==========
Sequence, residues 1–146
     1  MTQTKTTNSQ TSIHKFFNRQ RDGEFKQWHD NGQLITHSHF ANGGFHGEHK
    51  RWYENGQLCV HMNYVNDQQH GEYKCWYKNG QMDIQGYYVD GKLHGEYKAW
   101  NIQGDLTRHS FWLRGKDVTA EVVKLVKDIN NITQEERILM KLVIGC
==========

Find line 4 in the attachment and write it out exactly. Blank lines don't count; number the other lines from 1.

   101  NIQGDLTRHS FWLRGKDVTA EVVKLVKDIN NITQEERILM KLVIGC